I will also cause all her mirth to cease, her feast days, her new moons, and her sabbaths, and all her solemn feasts.
And I will destroy her vines and her fig trees, whereof she hath said, These are my rewards that my lovers have given me: and I will make them a forest, and the beasts of the field shall eat them.
And I will visit upon her the days of Baalim, wherein she burned incense to them, and she decked herself with her earrings and her jewels, and she went after her lovers, and forgat me, saith the LORD.
As Hosea continues to describe Israel’s doom, as well as Gomer’s, we have to stop and consider why all these dire warnings seemed to fall on deaf ears. Is it because we’re so comfortable in the right now that we can’t conceive of a time when we won’t have it?
Gomer believed that her lovers would continue to provide for her, giving her gifts that would feed and clothe her and keep her safe. But her lovers were not faithful to her, just as she was not faithful to Hosea—just as Israel was not faithful to God, and the idols they followed gave them no comfort.
Why are we just as much at fault as Israel was? As Gomer was? Are we any different, really, as a nation and as individuals? Why do we believe we will escape judgment, and place our faith in the false promises of politicians whose only loyalty is to self?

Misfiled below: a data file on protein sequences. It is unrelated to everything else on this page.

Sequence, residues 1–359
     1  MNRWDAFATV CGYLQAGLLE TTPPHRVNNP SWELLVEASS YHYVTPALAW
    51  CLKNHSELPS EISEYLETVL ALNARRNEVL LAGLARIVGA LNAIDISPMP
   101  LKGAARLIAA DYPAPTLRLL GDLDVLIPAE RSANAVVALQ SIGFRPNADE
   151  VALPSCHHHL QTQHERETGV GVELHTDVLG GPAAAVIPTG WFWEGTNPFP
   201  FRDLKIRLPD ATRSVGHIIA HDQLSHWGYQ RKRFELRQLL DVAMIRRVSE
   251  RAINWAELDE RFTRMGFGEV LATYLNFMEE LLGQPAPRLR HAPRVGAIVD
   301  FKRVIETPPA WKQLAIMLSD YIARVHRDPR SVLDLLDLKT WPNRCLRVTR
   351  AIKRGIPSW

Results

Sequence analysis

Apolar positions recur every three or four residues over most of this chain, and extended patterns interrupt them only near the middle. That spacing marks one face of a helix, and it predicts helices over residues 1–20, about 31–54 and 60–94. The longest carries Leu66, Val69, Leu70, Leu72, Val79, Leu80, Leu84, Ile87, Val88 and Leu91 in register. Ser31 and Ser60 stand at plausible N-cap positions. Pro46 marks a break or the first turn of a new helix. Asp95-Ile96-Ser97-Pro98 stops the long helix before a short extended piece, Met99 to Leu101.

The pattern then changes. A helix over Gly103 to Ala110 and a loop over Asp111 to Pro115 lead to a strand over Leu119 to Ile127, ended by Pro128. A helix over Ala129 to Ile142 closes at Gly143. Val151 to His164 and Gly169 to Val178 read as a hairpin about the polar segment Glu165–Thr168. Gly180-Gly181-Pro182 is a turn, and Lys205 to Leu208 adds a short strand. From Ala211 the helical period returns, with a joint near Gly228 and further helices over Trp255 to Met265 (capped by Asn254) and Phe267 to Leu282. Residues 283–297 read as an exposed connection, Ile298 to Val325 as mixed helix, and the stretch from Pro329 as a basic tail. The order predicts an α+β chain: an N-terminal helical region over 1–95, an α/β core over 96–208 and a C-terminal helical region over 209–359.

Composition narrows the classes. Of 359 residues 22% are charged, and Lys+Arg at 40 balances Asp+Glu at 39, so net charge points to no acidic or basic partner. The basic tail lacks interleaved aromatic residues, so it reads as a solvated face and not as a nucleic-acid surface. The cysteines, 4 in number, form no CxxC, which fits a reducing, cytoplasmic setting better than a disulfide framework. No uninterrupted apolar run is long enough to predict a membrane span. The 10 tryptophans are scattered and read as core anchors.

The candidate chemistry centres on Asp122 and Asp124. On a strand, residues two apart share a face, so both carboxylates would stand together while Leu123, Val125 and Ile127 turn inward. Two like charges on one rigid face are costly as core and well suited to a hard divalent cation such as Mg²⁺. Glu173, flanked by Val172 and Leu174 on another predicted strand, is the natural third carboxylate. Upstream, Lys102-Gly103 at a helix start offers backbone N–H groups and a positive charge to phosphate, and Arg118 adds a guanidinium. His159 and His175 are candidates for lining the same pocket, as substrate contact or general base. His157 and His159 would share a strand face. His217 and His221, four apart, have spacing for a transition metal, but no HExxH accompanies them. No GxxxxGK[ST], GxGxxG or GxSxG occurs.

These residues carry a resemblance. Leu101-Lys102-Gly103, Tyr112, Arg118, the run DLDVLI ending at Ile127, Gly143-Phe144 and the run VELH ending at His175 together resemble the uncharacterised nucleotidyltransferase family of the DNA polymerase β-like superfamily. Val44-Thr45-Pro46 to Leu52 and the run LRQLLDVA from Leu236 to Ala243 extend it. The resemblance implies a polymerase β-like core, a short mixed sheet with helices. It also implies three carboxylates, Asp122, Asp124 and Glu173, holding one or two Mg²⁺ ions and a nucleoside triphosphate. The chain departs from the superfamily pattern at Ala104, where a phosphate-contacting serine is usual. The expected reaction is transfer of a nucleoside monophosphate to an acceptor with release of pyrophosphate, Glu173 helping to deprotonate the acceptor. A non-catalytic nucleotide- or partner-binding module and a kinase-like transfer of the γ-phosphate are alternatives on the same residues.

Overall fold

This is not the first time in scripture that we read of the vine and the fig tree mentioned together, and it made me curious. I did a little research, and discovered some interesting things I didn’t know. I love that! Love learning, always learning, and especially when what I learn illuminates scripture.
In Hosea’s time, the fig tree was often planted among the grapevines, or along one side of a vineyard. The grape vines would climb the fig tree, and thereby gained the strength and protection of the tree. Grapes mature earlier than figs, so they would be harvested and used both as table fruit and as wine. Later in colder weather, the figs would be mature.
The first use we hear of the fig tree is in the Garden of Eden, when Adam and Eve used the large leaves of a fig tree to cover themselves after eating of the Tree of the Knowledge of Good and Evil.
Figs have long been used as food. Today, we think of figs mainly as a sweet treat in items such as Fig Newton cookies.
Figs have long been believed to be useful as a medicine, addressing digestive problems such as constipation and diarrhea, as well as diabetes, high cholesterol and some skin conditions. I couldn’t find any reliable evidence, scientifically, that there is any real value in such uses, but there is a lot of anecdotal evidence of the benefits of figs.
Fig trees provide shade and shelter, and have long been seen as a sign of wealth and comfort.
All of those things would be destroyed. No more holidays, feast days, new moons and sabbaths. All gone. The fig trees and vines would be devoured by wild beasts, and the days of Baalim would fall upon Israel. Baal worship was ubiquitous in the time of Jereboam II, King of Israel during Hosea’s ministry. The country was economically well off, but spiritually it was a desert. Instead of worshiping God, they burned incense to Baal. The women dressed up in jewels and fine clothing, but they forgot the God of Israel, through Whom their wealth had come.
The women of Israel, like Gomer, would be naked and destitute, with no man to rescue them from their suffering.